Healing from Codependency
A new year (and new decade!) naturally brings with it the tendency to reassess and realign our intentions and goals. We have all probably set New Year’s resolutions with the full intention of keeping them, only to find ourselves back in old patterns within a few days or weeks. What we’ll be discussing here is not about setting a New Year’s resolution, but about how to regain more of your authentic self even in the midst of challenges such as having a loved one who is in their active addiction.
In the dynamic of addiction, the family system often finds techniques to survive the intensity of their loved one’s state in codependent ways. Codependency is a learned behavior where we learn to betray and neglect ourselves. Instead of focusing on our needs, interests, and desires, we start to focus externally. This can look like care taking, enabling, or people pleasing and keeps us from being able to live fully and authentically.
In healing from codependency, we learn something important: We are not responsible for the emotional state of others. It is not up to us to make another person “okay” or fix what he or she may be wrestling with emotionally. People who are emotionally healthy say no, they have limits and boundaries. They can also hear and respect the boundaries of others. They do not neglect themselves to obtain validation, approval, or love and they’ve learned to be at peace with being misunderstood by others. They protect themselves and also have empathy in knowing that this might be triggering for those around them. Emotional health means we place our needs, wants and desires first so we can connect and give authentically to others.
Maybe some of your work in the coming year is to find your authentic self again, or maybe find it for the first time. It can be arduous work, especially if we have been entrenched in codependent patterns for years or decades.
Each New Year, I am brought back to a passage that reminds me of how important it is to take a step forward and reevaluate aspects of life that may no longer serve my authentic self. Deuteronomy chapter 1 tells a story of the Israelites on the journey to the Promised Land. The passage begins with, “It is eleven days’ journey from Horeb by the way of Mount Seir to Kadesh-barnea. In the fortieth year, on the first day of the eleventh month, Moses spoke to the people of Israel…” (Deuteronomy 1:2-3a). What was meant to be an eleven days’ journey took them forty years. You read that correctly. A journey that takes eleven days lasted for forty years. Later on, it reads, “The Lord our God said to us in Horeb, ‘You have stayed long enough at this mountain. Turn and take your journey…’” (Deuteronomy 1:6-7a).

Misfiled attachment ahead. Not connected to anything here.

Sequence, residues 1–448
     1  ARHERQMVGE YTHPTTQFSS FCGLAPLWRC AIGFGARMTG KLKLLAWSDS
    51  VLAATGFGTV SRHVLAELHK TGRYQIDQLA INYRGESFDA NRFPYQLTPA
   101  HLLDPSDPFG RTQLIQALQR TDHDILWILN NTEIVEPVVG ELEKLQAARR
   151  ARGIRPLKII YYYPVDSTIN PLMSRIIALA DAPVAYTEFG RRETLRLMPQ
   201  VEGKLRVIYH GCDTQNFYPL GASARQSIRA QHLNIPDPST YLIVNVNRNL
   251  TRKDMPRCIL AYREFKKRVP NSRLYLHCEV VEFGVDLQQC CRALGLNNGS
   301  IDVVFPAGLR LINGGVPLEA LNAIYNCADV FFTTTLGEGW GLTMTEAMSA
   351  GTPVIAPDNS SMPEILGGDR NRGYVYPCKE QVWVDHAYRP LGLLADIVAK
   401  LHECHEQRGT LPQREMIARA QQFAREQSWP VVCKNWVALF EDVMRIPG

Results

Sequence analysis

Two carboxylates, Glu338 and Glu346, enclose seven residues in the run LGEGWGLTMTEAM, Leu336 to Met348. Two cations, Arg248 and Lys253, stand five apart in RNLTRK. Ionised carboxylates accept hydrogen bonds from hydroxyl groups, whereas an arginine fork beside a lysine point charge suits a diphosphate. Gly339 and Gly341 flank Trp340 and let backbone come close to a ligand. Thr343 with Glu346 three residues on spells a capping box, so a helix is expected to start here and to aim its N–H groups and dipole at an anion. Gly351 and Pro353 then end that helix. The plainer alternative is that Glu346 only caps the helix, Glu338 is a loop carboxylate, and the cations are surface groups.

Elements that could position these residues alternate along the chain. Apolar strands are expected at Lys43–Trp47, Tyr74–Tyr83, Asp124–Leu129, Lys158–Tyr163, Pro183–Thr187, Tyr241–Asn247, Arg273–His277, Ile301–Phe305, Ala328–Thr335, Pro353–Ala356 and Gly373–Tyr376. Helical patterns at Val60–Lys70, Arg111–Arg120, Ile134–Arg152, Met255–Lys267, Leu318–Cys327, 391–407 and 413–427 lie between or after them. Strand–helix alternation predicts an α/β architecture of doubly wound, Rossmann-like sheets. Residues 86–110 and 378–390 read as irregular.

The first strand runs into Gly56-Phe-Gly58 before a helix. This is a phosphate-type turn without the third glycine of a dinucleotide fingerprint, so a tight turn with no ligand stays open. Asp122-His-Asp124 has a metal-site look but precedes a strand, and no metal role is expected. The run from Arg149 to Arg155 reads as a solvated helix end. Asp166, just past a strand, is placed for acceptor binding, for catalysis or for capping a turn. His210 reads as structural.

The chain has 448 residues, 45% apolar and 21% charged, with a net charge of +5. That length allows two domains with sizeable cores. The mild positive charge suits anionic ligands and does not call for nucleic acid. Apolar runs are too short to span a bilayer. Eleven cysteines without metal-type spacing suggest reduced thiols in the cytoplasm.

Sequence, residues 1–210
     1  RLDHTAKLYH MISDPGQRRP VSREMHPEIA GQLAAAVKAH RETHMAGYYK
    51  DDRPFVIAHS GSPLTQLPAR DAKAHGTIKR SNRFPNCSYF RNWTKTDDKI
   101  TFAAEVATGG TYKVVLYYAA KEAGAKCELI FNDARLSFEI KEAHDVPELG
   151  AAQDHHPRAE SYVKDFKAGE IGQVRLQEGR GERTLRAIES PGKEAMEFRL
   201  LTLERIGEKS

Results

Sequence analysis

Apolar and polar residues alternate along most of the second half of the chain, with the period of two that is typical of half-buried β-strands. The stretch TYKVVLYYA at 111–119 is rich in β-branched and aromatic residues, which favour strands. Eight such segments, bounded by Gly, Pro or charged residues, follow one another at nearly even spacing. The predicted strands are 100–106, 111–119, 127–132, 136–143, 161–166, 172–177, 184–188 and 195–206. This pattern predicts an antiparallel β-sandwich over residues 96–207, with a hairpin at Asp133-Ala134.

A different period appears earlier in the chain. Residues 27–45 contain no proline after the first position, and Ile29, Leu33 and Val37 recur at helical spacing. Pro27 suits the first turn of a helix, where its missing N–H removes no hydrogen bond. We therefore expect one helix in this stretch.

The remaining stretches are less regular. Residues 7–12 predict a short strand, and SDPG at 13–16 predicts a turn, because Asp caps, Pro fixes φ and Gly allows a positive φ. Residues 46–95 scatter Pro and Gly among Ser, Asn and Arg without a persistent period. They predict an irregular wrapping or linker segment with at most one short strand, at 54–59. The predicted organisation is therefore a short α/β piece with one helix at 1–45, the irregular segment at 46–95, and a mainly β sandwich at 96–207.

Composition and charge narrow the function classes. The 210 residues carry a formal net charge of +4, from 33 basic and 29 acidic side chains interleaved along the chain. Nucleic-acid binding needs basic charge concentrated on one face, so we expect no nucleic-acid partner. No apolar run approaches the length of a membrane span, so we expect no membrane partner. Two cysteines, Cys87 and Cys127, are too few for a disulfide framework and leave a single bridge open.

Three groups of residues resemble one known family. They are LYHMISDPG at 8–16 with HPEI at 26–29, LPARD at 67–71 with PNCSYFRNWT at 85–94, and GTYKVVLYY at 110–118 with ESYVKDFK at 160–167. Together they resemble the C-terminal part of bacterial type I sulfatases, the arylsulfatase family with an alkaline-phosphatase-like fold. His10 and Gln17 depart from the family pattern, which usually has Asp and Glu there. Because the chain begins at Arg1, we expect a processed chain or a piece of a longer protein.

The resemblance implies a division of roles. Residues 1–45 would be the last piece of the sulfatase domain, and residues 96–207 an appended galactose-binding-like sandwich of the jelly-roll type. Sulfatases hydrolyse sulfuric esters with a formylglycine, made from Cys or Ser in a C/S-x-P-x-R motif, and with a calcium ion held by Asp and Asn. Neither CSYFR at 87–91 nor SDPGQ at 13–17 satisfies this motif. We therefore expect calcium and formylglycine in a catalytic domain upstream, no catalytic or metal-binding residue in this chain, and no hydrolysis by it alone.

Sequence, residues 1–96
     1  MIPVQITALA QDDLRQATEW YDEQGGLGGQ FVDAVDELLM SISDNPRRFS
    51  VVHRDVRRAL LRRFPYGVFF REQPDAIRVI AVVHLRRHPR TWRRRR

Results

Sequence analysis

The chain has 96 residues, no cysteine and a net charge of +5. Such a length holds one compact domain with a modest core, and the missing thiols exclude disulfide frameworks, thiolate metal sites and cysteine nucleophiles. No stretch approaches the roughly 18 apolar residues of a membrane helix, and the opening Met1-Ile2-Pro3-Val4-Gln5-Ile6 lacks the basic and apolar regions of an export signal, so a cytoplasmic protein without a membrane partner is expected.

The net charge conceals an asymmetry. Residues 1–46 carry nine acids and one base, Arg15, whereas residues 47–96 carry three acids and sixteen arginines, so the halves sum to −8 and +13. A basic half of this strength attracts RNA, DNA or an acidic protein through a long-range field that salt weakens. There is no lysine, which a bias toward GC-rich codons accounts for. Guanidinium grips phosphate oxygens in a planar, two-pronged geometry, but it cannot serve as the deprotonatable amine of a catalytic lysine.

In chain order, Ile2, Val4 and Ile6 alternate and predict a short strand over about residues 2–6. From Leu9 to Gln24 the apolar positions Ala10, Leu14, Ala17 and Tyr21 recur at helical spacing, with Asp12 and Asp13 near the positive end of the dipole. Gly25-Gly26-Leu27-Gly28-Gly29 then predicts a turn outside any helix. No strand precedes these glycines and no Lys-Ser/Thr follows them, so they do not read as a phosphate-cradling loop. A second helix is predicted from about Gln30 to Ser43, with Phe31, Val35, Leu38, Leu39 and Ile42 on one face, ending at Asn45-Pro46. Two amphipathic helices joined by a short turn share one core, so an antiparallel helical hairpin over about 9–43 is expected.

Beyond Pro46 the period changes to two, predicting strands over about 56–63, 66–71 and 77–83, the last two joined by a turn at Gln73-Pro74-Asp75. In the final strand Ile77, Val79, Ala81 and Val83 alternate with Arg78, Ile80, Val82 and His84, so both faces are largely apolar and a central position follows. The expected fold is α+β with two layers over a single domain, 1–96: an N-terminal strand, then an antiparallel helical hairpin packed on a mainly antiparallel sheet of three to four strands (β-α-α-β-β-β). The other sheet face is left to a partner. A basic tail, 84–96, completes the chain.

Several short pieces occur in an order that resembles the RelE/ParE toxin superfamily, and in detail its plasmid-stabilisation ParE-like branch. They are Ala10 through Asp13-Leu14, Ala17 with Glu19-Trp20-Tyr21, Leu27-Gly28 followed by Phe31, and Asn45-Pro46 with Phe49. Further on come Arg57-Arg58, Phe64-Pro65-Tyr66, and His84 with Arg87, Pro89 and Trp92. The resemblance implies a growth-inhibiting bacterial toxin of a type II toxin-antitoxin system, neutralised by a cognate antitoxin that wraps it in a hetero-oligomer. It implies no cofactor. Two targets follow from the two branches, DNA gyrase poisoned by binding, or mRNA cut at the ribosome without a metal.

My question to you in this New Year is, what mountain do you need to come down from? Maybe it’s reassessing the ways you have been interacting with your addicted loved one. Maybe it’s a conversation that needs to take place where you clarify your needs or set specific boundaries. Whatever mountain you may need to come down from, I invite you to step into your authentic self. To ask yourself what you might need or desire in different aspects of your life and in various relationships. Dear friends, this is where healing and growth take place.
Grace & peace,
Ashley Worthington, MA, LAC
Living Hope Counseling
Ashley Worthington, MA, LAC, is a guest blogger for PAL and works with Living Hope Counseling